A master planned community near Kansas City named Seven Bridges wanted to showcase its gateway bridge with something extraordinary, so they built the arched vehicle and pedestrian bridge out of VERSA-LOK retaining wall units. The design by Shafer, Kline & Warren, Inc. of Lenexa, KS, was so successful it won the National Concrete Masonry Association’s 2008 “Award of Excellence.”
“Bridges are an increasingly popular use for VERSA-LOK, and this is an excellent example of that application,” says Karen Nelson, VERSA-LOK manager of engineering services.
According to Gary Strack, P.E. and director of structural engineering with Shafer, Kline & Warren, the bridge is built around a 33-foot-wide corrugated steel culvert. The metal arch was placed on a concrete foundation and then the arch was backfilled with granular backfill.
Geogrid-reinforced VERSA-LOK walls were built on concrete footings up to and over the metal arch structure. The retaining walls—up to 15 feet at their tallest point—extend into back-to-back parapet walls at the top. The walls are grouted together and flank either side of the bridge deck. Stepped pilasters with decorative black iron fencing in between punctuate the freestanding walls and are topped with solar-powered lantern-style lights. The walls and columns are capped with precast concrete caps.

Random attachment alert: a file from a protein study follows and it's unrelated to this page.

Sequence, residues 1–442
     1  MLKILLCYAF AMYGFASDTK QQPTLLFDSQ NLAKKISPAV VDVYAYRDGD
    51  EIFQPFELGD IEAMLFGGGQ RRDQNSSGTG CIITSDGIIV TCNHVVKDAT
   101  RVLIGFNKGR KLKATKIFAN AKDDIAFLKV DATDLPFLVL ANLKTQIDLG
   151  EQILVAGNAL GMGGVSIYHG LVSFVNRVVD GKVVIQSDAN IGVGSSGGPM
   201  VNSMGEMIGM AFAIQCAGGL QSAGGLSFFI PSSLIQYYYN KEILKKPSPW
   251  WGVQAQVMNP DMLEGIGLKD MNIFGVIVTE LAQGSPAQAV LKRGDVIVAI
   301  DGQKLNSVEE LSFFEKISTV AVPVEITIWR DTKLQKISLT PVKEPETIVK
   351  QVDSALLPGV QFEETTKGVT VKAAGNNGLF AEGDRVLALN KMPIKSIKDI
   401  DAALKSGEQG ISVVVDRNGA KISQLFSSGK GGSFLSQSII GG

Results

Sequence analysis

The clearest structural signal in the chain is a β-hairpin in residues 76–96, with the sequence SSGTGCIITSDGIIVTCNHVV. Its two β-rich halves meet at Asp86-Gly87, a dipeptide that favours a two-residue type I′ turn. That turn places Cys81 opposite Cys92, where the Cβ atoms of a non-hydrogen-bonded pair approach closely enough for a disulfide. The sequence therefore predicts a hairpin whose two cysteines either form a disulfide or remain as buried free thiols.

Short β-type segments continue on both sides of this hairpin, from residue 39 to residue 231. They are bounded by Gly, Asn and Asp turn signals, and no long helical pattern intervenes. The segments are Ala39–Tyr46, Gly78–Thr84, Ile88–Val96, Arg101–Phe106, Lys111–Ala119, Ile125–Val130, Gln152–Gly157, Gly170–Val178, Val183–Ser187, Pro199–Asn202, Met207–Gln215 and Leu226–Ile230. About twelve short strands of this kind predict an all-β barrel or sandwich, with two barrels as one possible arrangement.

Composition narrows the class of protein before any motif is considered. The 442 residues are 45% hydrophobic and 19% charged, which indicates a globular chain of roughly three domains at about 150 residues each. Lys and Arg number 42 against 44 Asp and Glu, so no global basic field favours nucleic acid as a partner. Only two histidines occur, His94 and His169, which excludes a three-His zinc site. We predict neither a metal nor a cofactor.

The Weathered texture on the Mosaic block was the perfect fit for the bridge’s setting, Strack says. “This SRW material intelligently relates to the landscape treatment of the surrounding greenway.”
David Barth, the project’s developer, said the VERSA-LOK product was more economical than natural stone and also offered more consistent color for a bridge that size. They had considered using boulders from the site, native stone or even molded plastic elements for the bridge. However, he told NCMA, “We want this bridge to be around for 100 years or more. SRW masonry was economical and gave us more flexibility with design than using stone or other product.”